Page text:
27/07/2018 07:47 BST | Updated 27/07/2018 07:47 BST

I Didn't See OCD Coming Until I Was Sat In My Car Checking My Handbrake For The 30th Time

I had to accept within myself that my disorder was merely a part of me, but in no way who I am

torwai via Getty Images
HuffPost UK

The OCD begins to look like you. It wears a mask identical to your face. It has the same freckles and blue eyes as you do. It has the same little scar on your lip that you got when you were four years old. It has a slightly less nice hairstyle than you do, it chips your nail polish and shabbily wears your clothes. It talks like you but a little slower and a little less passionately. It overthinks on your behalf and whispers lies and intrusive worries and doubts into your ear ever so softly. Sometimes it shouts and deafens you. It convinces you of all the negativity it feeds you. It relishes in its ability to make you obsess over its false messages and delights as you carry out the compulsions to correct things. It finds happiness in watching you lose your memory and sanity, isolates you from your world and convinces people it is the real you. Oh, aren’t you so naughty, OCD?

OCD can make it hard for people to talk about their experience. It is often referred to as the “secret illness” because of the humiliation the sufferer feels. Believe me, I know. Cut to five years ago, multiple family deaths one after the other. The feeling of genuine devastation ripped through all sides of my family. I kept my head down and kept moving forward, looked after those who needed me and saved my sadness for when I was alone in bed. I hadn’t realised my stress levels had risen so badly until I was sat in my car checking that my handbrake was on properly for the 30th time in a minute. Triggered.

I didn’t even see it coming. I always thought OCD was for people scrubbing their hands clean and touching light switches. As time progressed my behavioural checking stopped, and the mental checking began. Either way, I thought, no one is ever going to understand this. Hide it, I told myself. I soon found out that other people were suffering like me and people did understand.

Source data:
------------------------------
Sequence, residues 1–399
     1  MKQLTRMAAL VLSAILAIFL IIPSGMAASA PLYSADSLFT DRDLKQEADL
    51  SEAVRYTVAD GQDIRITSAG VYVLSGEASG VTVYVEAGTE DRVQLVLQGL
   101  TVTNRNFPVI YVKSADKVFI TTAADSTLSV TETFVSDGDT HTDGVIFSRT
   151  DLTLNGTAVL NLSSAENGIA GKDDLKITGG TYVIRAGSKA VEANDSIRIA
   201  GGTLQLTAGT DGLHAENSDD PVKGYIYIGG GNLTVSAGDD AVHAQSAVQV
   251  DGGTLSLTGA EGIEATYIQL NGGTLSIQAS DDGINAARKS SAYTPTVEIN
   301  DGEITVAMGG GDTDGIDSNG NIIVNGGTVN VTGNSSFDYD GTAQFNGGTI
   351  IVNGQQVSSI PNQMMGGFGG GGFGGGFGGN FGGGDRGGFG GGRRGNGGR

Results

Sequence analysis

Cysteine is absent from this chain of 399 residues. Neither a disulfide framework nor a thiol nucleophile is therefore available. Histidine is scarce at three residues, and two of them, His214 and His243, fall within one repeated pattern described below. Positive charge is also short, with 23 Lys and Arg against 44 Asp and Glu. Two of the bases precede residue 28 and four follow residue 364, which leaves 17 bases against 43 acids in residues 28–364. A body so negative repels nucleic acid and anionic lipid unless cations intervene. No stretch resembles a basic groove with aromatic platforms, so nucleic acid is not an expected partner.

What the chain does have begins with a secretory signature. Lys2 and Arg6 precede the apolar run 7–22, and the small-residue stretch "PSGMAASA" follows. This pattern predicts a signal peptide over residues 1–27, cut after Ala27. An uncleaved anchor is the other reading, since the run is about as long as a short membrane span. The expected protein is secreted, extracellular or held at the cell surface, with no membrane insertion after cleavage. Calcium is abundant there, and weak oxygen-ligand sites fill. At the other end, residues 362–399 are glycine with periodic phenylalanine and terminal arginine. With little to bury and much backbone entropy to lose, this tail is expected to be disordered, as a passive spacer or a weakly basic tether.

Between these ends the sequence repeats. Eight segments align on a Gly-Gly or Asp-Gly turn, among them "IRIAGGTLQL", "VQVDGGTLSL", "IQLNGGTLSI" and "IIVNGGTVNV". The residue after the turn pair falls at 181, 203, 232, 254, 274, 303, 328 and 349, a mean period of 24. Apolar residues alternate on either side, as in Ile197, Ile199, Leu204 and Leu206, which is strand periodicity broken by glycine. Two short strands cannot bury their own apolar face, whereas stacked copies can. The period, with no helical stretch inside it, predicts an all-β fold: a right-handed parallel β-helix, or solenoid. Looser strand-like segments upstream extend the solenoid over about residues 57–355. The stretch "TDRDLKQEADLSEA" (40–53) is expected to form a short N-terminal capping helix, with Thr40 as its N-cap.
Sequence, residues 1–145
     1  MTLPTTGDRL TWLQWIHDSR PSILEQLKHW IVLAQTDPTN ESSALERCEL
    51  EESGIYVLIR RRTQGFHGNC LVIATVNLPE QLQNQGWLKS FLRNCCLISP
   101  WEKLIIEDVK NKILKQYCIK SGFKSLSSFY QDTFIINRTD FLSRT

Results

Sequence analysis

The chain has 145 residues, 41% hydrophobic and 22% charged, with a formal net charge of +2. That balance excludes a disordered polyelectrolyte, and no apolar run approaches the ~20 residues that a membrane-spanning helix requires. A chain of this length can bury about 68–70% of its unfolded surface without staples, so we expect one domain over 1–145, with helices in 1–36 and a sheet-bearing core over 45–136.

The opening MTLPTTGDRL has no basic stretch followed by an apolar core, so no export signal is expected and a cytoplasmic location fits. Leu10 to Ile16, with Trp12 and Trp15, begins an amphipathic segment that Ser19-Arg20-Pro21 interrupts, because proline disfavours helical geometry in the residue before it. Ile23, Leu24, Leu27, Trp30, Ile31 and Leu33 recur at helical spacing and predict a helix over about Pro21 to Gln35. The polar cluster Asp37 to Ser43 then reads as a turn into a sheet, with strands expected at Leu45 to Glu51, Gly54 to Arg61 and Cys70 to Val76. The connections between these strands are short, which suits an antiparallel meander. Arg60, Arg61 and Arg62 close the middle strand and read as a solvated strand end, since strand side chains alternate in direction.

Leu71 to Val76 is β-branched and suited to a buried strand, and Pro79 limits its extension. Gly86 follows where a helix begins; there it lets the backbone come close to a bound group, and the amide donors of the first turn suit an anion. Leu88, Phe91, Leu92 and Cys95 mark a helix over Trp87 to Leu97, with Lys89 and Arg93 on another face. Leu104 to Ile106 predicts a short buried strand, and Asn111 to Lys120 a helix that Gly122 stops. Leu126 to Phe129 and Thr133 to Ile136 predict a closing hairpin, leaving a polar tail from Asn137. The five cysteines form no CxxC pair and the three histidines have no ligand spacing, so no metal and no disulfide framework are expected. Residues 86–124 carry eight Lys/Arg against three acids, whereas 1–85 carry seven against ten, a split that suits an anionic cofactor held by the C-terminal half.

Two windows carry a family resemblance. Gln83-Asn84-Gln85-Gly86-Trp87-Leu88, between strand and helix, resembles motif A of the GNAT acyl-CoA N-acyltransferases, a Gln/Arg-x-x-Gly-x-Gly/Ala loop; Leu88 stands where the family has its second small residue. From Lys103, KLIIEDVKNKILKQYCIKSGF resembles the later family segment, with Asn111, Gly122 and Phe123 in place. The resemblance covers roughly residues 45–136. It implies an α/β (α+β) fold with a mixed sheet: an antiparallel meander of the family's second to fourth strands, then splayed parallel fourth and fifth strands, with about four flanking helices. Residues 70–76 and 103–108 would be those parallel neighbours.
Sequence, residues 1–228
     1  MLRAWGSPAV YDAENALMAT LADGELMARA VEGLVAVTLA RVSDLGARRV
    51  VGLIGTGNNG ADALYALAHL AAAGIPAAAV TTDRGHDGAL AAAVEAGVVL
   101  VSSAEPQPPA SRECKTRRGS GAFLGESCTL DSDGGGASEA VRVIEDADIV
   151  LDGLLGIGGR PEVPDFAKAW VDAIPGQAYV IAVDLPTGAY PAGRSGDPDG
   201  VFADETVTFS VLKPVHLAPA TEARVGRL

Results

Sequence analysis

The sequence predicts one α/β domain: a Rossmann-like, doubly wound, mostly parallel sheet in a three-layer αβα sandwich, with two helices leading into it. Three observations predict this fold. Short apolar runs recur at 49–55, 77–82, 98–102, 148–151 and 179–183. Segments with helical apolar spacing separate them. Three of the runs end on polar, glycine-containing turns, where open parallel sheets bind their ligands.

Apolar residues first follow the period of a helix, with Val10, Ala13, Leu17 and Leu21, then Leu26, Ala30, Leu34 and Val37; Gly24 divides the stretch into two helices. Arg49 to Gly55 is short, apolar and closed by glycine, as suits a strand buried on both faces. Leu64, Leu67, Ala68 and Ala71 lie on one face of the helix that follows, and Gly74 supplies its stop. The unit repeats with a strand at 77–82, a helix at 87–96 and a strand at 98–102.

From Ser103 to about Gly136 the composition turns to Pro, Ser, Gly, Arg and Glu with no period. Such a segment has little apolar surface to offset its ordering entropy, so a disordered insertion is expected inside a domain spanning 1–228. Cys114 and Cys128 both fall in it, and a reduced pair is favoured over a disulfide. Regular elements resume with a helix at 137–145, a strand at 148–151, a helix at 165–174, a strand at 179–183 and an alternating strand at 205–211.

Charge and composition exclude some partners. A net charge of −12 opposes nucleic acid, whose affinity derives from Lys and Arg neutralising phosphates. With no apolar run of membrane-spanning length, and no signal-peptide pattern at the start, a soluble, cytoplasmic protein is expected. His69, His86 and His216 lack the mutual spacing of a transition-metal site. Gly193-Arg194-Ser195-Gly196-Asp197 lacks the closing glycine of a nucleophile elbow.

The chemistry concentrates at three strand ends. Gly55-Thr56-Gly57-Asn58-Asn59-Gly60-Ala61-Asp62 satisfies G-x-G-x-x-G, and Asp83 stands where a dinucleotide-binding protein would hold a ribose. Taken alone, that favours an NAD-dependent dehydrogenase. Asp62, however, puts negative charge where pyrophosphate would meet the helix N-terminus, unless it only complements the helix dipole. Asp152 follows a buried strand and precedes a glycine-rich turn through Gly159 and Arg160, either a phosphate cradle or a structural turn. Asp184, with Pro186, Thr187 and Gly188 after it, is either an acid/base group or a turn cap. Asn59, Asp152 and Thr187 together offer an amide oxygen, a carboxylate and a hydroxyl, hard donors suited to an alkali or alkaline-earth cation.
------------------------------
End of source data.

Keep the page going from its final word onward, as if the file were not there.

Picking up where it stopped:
I soon discovered that I didn’t have an issue talking about my condition. It doesn’t bother me. What people think about me with my condition, bothers me. A lot. This alone riddles me with guilt - we’re not meant to care what people think about us anymore, right? At least people don’t seem to admit that they care what people think. It’s an icky introspection to admit to.

How freeing it is to imagine that reality, a blissful existence free of worrying what people think of me. That possibility disappears when the blue eyed, freckled imposter pulls on its mask, pins a badge to my hoodie, emblazoned with my name and introduces itself to everyone as me.

My OCD presents a paranoid, snivelling, anxious and doubtful depiction of myself to others. I shudder at the thought that this condition has the power to influence how others see me and impact their view of who I am. I’ve been lucky; most of those that I hold close see through this masterful disguise and the lies my OCD tells the world about me. Sometimes, I am not so lucky and the OCD manages to influence people’s narrative of me.

It was always important to me that those around me understood that my condition was separate from who I was as a person. I was repulsed by the idea that people could think that my symptoms and I were in anyway homogenous. The possibility that people could describe me as paranoid, tense, obsessive, anxious and every other horrid trait my OCD displayed affected me. Badly.

I had to accept within myself that my disorder was merely a part of me, but my OCD was in no way who I am. When discussed, people tend to agree with this quite easily as if it’s a given. However, few will truly grant total compassion, free of negative consequence, however this may look, when symptoms become increasingly burdensome and challenging. These people can make the difference.

These people notice the mask being slipped over my face by the imposter who appears. They notice my blue eyes changing their focus and they see the darkness surface.

I will always remember something I was told: “Not everyone can sit with you in the darkness”. It’s true. I am fortunate however, that I have some amazing family and friends. They bring torches, candles, spare batteries, matches, and a comfortable chair. They pull up beside me, sit down at my side and help me remove the mask.

Suddenly the darkness doesn’t seem so scary.